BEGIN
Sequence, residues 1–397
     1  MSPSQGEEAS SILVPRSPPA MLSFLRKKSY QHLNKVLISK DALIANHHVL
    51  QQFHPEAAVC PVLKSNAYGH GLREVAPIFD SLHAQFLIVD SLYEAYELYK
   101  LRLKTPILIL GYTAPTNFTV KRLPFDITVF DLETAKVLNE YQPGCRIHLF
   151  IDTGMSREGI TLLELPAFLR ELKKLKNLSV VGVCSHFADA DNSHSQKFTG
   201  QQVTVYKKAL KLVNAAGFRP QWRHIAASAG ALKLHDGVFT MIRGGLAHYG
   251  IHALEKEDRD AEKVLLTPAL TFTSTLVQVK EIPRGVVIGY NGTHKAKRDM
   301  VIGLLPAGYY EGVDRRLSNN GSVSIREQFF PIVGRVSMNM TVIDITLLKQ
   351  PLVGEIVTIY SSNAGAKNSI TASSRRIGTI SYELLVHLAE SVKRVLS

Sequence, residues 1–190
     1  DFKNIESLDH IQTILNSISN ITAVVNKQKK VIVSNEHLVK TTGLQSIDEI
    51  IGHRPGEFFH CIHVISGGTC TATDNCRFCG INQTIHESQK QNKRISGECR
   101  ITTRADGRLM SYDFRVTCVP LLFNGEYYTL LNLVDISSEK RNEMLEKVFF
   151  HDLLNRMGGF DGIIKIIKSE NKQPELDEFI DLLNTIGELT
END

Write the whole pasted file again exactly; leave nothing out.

Sequence, residues 1–397
     1  MSPSQGEEAS SILVPRSPPA MLSFLRKKSY QHLNKVLISK DALIANHHVL
    51  QQFHPEAAVC PVLKSNAYGH GLREVAPIFD SLHAQFLIVD SLYEAYELYK
   101  LRLKTPILIL GYTAPTNFTV KRLPFDITVF DLETAKVLNE YQPGCRIHLF
   151  IDTGMSREGI TLLELPAFLR ELKKLKNLSV VGVCSHFADA DNSHSQKFTG
   201  QQVTVYKKAL KLVNAAGFRP QWRHIAASAG ALKLHDGVFT MIRGGLAHYG
   251  IHALEKEDRD AEKVLLTPAL TFTSTLVQVK EIPRGVVIGY NGTHKAKRDM
   301  VIGLLPAGYY EGVDRRLSNN GSVSIREQFF PIVGRVSMNM TVIDITLLKQ
   351  PLVGEIVTIY SSNAGAKNSI TASSRRIGTI SYELLVHLAE SVKRVLS

Sequence, residues 1–190
     1  DFKNIESLDH IQTILNSISN ITAVVNKQKK VIVSNEHLVK TTGLQSIDEI
    51  IGHRPGEFFH CIHVISGGTC TATDNCRFCG INQTIHESQK QNKRISGECR
   101  ITTRADGRLM SYDFRVTCVP LLFNGEYYTL LNLVDISSEK RNEMLEKVFF
   151  HDLLNRMGGF DGIIKIIKSE NKQPELDEFI DLLNTIGELT